- 7. Shiro Takahashi Another distinction of muqarnas types is given by Shiro Takahashi (1943). He classifies muqarnas into three different types: • the square lattice muqarnas , • the pole table muqarnas and • `other style' muqarnas, which do not belong to the first two types. The square lattice muqarnas : The most important characteristic of the square lattice muqarnas is that the top view of the muqarnas is filled with squares and 45 degree rhombuses. They were developed in the eleventh century and over the next thousand years they spread throughout the entire Islamic world. Also typical for the square lattice muqarnas is that they have a fourfold rotational symmetry. The stalactite decoration of the Alhambra Palace in Granad from the fourteenth century is a beautiful example of a square lattice muqarnas at its peak. Square lattice: Design of a muqarnas in Samarqand.
- 8. Square lattice: One of the Two Sisters of the Alhambra Palace.
- 9. After the invasion and fall of the Mongols in the fifteenth century, the pole table pattern appeared and became widespread in western Asia (Iran included). The pole table muqarnas has no direct link with the architectural structure. The different elements of the muqarnas are first produced on the ground, before being attached to the architectural structure using ribs. The center (the top of a muqarnas) of the pole table expanded from 4, 5 and 6 segments to 7 and 11. The star shaped elements also include the 7 and 9 point stars. In the seventeenth century the pole table pattern reached its peak with the Shah Mosque at Isfahan. Pole table muqarnas:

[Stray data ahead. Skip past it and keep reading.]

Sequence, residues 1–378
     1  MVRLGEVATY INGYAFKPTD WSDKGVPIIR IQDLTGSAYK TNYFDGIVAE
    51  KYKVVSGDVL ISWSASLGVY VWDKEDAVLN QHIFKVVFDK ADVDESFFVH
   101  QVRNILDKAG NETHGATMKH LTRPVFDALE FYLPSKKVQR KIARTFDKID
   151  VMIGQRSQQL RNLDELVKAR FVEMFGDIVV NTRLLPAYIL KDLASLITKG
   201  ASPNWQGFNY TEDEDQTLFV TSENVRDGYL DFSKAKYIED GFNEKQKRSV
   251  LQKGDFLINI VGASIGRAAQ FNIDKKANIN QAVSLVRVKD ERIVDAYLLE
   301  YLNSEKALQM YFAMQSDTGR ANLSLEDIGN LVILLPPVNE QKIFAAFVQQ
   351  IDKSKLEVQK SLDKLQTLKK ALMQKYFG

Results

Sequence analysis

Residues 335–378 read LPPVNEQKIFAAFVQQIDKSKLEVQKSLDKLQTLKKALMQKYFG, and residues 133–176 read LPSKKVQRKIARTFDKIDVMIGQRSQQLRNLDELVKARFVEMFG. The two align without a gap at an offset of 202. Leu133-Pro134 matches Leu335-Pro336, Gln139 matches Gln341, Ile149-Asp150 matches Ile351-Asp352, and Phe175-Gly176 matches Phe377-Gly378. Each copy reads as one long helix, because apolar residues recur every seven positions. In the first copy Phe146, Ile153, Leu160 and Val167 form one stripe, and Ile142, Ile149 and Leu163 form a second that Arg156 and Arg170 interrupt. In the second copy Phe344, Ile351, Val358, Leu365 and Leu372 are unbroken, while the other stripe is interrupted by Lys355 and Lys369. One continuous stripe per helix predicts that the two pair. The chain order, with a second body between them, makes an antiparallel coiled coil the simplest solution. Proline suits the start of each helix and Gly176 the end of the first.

- 10. The design and a picture of the Shah Mosque.
- 11. In Turkey, Syria and Egypt other materials were used than those who were custom in Iran. Instead of sundried bricks, also stone and wood were used to build a muqarnas. This led to the creation and evolution of original muqarnas styles. Therefore there are many different styles of muqarnas which cannot be properly categorized. Unfortunately, after the end of the Safavid dynasty in 1735 the traditional muqarnas culture stagnated because of the modernization. Other style: Muqarnas designed by Sinan in 1557 in the Suleymaniye Mosque, Istanbul, Turkey.